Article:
|Author||: Nancy J. Turner|
|Editor||: Royal British Columbia Museum|
Nancy Turner describes more than 150 plants traditionally harvested and eaten by First Peoples east of the Coast Mountains in British Columbia and northern Washington. Each description includes information on where to find the plant and a discussion on traditional methods of harvesting and preparation.
|Author||: Colin G. Calloway|
|Editor||: Bedford/St. Martin's|
First Peoples’ distinctive approach continues to make it the bestselling and most highly acclaimed text for the American Indian history survey. Respected scholar Colin G. Calloway provides a solid foundation grounded in timely scholarship and a narrative that brings a largely untold history to students. The signature “docutext” format of First Peoples strikes the ideal balance, combining in every chapter a compelling narrative and rich written and visual documents from Native and non-Native voices alike. An expansion by two full chapters presents a more diverse and nuanced picture of the history of Native peoples in America. Read the preface.
"This text was developed as a resource to support our Indigenous Studies: First Peoples in Canada stackable credential launched in 2014... We have endeavoured to tell Indigenous truths through storytelling. Truths about the times before the settlers, truths about the interactions of Indigenous communities, clans, and Nations, and the settlers, and truths about the ways we must move forward towards reconciliation. Laying bare the facts has not been easy, but it is essential if we are to honour our commitment to move forward and heal. We believe this etextbook to be one of a kind and hope it will be welcomed by all as a respectful contribution to Truth and Reconciliation." -- pg. v-vi.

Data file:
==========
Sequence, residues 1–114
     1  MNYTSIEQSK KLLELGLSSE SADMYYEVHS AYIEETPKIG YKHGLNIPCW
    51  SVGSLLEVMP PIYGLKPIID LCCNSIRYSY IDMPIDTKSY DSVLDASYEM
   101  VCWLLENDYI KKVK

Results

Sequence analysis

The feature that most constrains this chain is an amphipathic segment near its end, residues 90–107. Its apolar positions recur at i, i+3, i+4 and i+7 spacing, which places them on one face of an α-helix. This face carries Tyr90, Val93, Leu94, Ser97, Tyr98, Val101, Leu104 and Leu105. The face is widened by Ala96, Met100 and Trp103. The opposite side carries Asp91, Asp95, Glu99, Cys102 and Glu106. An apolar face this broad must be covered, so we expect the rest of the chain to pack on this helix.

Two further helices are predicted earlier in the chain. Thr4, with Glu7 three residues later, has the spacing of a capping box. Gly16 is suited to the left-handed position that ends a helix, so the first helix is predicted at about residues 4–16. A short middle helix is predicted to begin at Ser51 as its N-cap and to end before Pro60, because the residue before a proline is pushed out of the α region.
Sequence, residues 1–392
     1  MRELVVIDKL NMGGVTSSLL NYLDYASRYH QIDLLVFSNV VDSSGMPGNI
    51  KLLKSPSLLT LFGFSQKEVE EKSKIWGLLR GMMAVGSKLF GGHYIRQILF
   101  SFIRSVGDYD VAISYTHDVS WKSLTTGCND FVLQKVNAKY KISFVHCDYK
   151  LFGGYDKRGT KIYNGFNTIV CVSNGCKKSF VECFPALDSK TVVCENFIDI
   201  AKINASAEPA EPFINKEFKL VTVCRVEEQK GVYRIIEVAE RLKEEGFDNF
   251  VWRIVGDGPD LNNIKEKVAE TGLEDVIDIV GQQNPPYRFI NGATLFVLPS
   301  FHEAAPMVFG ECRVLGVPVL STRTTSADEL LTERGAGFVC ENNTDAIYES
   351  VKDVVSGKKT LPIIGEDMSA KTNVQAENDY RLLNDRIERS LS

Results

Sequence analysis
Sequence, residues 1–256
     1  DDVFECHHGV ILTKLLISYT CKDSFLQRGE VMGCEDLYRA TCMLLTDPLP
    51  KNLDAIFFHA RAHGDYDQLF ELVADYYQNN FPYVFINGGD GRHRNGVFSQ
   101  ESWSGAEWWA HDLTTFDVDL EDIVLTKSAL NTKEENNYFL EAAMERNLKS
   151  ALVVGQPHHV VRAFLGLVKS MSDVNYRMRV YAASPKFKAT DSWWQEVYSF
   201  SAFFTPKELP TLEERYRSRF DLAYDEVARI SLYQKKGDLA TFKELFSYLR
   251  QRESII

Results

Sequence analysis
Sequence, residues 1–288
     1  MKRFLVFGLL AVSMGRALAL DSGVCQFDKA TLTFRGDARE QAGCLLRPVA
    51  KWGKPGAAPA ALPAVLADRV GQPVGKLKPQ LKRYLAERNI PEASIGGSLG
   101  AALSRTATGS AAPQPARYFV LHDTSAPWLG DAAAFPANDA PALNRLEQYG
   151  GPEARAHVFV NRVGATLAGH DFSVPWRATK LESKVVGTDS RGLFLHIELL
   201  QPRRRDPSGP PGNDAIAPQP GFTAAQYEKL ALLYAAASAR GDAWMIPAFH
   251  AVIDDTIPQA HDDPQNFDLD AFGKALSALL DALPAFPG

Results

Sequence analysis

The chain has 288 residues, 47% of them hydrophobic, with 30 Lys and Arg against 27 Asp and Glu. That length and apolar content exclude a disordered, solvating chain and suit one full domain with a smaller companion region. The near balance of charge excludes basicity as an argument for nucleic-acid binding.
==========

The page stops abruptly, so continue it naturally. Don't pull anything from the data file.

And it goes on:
|Author||: Gregory Younging|
|Editor||: Brush Education|
Elements of Indigenous Style offers Indigenous writers and editors—and everyone creating works about Indigenous Peoples—the first published guide to common questions and issues of style and process. Everyone working in words or other media needs to read this important new reference, and to keep it nearby while they’re working. This guide features: - Twenty-two succinct style principles. - Advice on culturally appropriate publishing practices, including how to collaborate with Indigenous Peoples, when and how to seek the advice of Elders, and how to respect Indigenous Oral Traditions and Traditional Knowledge. - Terminology to use and to avoid. - Advice on specific editing issues, such as biased language, capitalization, and quoting from historical sources and archives. - Case studies of projects that illustrate best practices.
|Author||: Margo Greenwood,Sarah De Leeuw,Nicole Marie Lindsay,Charlotte Reading|
|Editor||: Canadian Scholars’ Press|